Previously soft-distempered surfaces must be thoroughly removed by washing down with warm water.

The porosity of the surface must be tested before any further work is carried out. If it is unduly porous, the water content of the distemper is immediately absorbed, not only making the brushwork difficult, but rendering it impossible to join up one patch with another without showing coarse brush marks and a double thickness at the joint of the patches. The degree of porosity may be determined by moistening the tip of a finger and applying it to the plastered surface. If the moisture is absorbed within five seconds, a coat of clearcole should be applied. If it remains wet for half a minute this should not be necessary.

Clearcole
To overcome the porosity of bare plaster it is customary to apply a coat of clearcole first. This is a medium-strength size to which a little whiting has been added. The size, mixed as in the directions below, should be melted in a double-boiler and an equal quantity of water added. To this is added enough whiting to colour the mixture – in the ratio of 100gm whiting (soaked in water) to 1 litre of size solution. When applied this should appear semi-translucent rather than hiding the surface.

Clearcole should be applied hot so that it penetrates the plaster as deeply as possible. Always allow the size to harden before distempering – at least three hours after the surface appears to be thoroughly dry.

Mixing Distemper
Soft Distemper is a bulky paint that requires careful stirring in a large container so allowance must be made.

Put water into a large plastic bucket. Pour in whiting through a sieve until it peaks a few inches above the water. Cover and leave overnight to ‘fatten’.

In a separate container add cold water to the rabbit skin glue in a proportion of one part glue to ten parts water (500g glue to 5 Litres water). Cover it and leave to soak in a cool place overnight. Bear in mind that proportions will vary depending on the type and properties of the glues that you are using. Too little size will mean an under-bound coating and too much will lead to cracking and peeling. When cold it should have the consistency of a table jelly.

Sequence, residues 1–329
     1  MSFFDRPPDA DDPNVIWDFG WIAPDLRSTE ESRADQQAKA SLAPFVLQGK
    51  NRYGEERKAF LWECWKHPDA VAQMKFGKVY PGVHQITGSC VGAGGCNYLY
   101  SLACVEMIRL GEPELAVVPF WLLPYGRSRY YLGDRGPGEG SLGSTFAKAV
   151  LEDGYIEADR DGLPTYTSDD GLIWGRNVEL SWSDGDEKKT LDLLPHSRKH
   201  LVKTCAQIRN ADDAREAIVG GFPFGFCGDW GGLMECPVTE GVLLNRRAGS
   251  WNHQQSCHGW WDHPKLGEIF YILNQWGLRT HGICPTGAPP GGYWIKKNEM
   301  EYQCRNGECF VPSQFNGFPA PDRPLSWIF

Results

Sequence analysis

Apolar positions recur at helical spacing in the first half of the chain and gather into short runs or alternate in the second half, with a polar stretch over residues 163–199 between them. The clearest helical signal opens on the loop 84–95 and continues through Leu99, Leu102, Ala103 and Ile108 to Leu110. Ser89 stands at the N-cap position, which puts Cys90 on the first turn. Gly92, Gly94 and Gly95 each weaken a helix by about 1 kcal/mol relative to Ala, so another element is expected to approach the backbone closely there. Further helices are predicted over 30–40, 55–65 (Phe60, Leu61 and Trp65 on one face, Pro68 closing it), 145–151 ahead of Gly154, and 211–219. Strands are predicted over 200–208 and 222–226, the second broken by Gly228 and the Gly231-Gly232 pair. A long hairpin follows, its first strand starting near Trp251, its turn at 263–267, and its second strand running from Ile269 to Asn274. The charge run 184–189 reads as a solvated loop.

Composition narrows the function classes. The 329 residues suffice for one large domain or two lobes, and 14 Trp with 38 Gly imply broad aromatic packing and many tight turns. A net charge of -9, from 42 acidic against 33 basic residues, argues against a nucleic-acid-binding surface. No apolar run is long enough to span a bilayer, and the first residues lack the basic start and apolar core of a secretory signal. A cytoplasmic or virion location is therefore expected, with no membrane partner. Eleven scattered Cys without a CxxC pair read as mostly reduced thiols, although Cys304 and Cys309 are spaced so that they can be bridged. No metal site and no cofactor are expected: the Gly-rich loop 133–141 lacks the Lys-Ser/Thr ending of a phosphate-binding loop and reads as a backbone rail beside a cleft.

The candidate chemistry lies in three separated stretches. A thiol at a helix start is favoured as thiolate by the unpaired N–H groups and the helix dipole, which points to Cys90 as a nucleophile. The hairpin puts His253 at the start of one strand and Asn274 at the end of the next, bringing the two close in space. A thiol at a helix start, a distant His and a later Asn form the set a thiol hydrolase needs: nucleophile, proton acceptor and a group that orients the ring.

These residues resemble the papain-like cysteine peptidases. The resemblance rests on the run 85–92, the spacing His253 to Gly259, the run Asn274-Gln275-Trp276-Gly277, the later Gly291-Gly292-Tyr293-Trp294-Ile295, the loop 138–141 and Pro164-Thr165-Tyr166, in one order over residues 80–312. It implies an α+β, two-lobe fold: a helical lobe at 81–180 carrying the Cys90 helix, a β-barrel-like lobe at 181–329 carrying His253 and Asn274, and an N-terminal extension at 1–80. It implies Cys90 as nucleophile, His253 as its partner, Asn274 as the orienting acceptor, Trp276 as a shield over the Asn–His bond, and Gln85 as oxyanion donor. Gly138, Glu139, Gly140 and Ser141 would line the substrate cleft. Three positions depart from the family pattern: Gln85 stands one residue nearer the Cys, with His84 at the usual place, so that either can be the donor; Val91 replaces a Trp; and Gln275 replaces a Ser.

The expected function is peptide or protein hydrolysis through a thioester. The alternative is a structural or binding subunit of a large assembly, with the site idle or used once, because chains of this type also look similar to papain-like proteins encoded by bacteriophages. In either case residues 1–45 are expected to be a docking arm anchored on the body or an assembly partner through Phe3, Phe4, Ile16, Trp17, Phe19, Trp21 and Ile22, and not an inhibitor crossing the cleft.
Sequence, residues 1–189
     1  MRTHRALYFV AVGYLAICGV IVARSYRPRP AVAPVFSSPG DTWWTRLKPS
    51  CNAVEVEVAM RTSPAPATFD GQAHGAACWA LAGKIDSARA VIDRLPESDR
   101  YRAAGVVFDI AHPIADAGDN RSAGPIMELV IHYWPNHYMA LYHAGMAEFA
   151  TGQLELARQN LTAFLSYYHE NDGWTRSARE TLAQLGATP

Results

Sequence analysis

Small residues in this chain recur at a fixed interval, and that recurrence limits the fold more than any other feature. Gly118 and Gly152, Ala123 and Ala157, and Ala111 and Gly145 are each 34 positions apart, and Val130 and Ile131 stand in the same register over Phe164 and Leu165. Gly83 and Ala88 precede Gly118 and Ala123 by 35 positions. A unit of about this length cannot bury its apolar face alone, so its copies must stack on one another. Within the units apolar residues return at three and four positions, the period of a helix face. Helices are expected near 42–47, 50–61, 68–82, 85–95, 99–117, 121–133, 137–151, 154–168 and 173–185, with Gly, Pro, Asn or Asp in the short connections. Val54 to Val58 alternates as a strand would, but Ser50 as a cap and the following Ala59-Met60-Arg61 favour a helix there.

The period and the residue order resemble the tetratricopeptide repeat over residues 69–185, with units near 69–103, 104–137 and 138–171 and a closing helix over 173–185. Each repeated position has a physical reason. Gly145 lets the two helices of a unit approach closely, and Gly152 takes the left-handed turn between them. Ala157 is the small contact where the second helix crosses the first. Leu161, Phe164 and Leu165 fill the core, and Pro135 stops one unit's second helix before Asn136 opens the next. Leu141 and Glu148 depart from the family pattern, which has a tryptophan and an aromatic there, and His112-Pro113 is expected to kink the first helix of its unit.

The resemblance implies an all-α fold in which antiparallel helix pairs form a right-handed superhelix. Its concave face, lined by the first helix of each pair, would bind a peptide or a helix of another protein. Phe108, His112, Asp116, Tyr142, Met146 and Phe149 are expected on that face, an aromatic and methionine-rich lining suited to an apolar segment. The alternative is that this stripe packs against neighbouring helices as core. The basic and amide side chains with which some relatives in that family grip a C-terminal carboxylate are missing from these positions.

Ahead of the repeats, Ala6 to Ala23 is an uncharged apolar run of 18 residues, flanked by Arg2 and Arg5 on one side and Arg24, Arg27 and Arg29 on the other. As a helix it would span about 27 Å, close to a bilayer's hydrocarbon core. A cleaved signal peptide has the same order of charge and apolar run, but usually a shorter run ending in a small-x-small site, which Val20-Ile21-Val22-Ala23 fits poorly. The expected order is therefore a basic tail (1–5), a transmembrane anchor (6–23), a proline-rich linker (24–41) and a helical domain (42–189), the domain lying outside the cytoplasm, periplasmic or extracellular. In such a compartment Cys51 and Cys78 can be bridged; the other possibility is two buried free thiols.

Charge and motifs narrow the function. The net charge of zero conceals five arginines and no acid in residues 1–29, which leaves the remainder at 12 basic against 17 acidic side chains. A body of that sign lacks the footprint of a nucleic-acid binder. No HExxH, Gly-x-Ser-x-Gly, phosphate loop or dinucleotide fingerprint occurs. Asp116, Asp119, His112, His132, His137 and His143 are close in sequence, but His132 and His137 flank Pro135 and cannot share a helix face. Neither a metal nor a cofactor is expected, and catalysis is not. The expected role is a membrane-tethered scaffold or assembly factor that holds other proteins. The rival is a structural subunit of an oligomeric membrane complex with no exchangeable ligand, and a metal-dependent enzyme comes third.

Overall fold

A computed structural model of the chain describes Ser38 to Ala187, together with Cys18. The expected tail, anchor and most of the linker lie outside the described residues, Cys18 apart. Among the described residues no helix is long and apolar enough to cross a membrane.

French Ultramarine


On the next day carefully pour off the surplus water from the whiting bucket. If a white distemper is required add 1 level teaspoon of French Ultramarine pigment and whisk it in. This will counter the yellowness of the size and help to produce a brighter white.

If a coloured distemper is wanted the colour should be added at this stage. Powder pigment must be soaked in water beforehand, while universal stainers can be added to the whiting immediately. Stir hard to disperse the colour evenly. Add it cautiously as you can always put more in, but you cannot take it out. Remember that wet distemper is much darker than dry, so test the colour on a piece of card or paper, using a hair dryer to speed drying, before deciding.

Some Distemper Colours from 1807


Once the colour has been obtained spoon the size mixture into a double-boiler and heat until liquid and all the size has dissolved. Do not let the mixture boil. Pour the heated glue into the whiting through a fine sieve in order to remove particles of glue and whisk thoroughly. An attachment on an electric drill can make this easier, but a stout wooden spoon can also be used.